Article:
Through interviews and original photography, PHI is working with direct care workers nationwide to document their stories and share their ideas for transforming jobs in long-term care. This interview is with Kao Saephan, a Home Care Provider on the Caregiver Emergency Response Team (CERT) at Homebridge in San Francisco, CA. He has been a direct care worker for one year.
On why he decided to become a direct care worker
“I was incarcerated for 16 years, starting at age 19. Towards the end of my incarceration, I had the honor of working with a hospice program at a medical facility in a role that was similar to home care. During that time, I got to evaluate myself, and I became the loving and caring person who I now know I was brought into this world to be. I knew when I got out that I wanted to help people in my community and care for the vulnerable. Fortunately, Homebridge gave me that chance.”
On his relationship with his clients
“Each client has their own unique personality and characteristics that make them so special. Before the pandemic, I worked with people who were in housing programs, and I was assigned to clients who I saw regularly and built relationships with. I provide personal care, emotional support, domestic work, and even run errands. I’m there for my clients if they need or want anything, offer an extra hand to help or an extra ear to listen, and let them know they are not alone and that there is somebody out there who cares about them.
When the pandemic started, I volunteered to join Homebridge’s Caregiver Emergency Response Team (CERT) to care for the homeless population in San Francisco that is currently sheltering in hotel units to reduce the spread of the virus. I get to hear their stories and learn how they became homeless and bridge that gap between us. It’s humbling that I can put so much energy and strength and motivation into my job and make a difference in their lives.”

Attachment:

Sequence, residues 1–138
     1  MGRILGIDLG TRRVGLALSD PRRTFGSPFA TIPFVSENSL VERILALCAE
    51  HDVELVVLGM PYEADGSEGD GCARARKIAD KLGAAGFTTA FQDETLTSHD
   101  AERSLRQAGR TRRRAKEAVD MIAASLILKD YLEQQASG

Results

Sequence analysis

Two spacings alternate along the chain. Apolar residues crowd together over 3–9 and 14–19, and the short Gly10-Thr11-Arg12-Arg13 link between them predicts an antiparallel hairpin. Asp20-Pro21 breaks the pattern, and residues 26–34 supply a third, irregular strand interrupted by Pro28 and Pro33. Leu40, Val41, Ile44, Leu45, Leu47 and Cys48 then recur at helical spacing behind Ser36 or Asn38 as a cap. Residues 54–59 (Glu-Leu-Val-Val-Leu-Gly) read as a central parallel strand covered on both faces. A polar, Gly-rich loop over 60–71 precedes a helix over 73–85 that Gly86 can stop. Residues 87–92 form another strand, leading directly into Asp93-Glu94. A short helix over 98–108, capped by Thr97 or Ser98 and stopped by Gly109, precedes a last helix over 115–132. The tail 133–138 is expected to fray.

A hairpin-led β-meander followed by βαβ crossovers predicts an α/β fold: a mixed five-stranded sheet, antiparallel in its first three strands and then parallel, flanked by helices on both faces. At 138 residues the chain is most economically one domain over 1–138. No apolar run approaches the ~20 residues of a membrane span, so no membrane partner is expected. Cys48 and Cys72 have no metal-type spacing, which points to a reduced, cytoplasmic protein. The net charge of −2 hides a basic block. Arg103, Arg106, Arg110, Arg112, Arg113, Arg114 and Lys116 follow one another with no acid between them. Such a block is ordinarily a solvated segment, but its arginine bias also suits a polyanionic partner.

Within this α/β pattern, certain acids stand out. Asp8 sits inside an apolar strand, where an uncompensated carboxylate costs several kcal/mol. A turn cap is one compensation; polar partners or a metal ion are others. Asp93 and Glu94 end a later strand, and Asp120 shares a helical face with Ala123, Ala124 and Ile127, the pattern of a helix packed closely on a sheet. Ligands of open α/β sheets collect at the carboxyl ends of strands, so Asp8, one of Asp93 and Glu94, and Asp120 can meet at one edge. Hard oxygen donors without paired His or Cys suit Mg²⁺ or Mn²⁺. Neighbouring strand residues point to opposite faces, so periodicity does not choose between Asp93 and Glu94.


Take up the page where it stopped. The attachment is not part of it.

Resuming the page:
“I’m there for my clients if they need or want anything, offer an extra hand to help or an extra ear to listen, and let them know they are not alone and that there is somebody out there who cares about them.”
On the impact of COVID-19
“When the CERT team came about, I saw it as an opportunity to do even more good and serve people with the most need. Homebridge prepared me in more ways than I can wrap my head around, and I follow their instructions and CDC guidelines on how to keep myself safe. Even so, there are always still potential risks of contracting the virus and getting sick. But that is out of my control.
It can all be very emotionally draining, and the stress takes a big toll on me some days. I go to work and help people, come home, go to sleep, and then do the same thing all over again the next day. I’m not able to see my parents, friends, or other family. In a sense, it can feel like I am in prison all over again.
My parents are refugees from Laos, and in the Mien culture, I should be the one giving them the care they need. I am an only child, and they are getting older. But they are hundreds of miles away, and now I can’t even see them. They are worried about me, and I’m worried about them. Sometimes I feel like I am neglecting them, but they assure me I’m doing a good job.”
Photography: Constanza Hevia H. @constanzaheviah
The Direct Care Worker Story Project aims to enhance the visibility of this workforce, amplify its voices, and draw on workers’ unique wisdom to inform policy and practice. The Project seeks to address the lack of representation of direct care workers in public narratives and ensure images used to depict long-term care work are grounded in workers’ and clients’ real experiences. If you’re interested in sharing your story as a direct care worker, please email us at info@PHInational.org.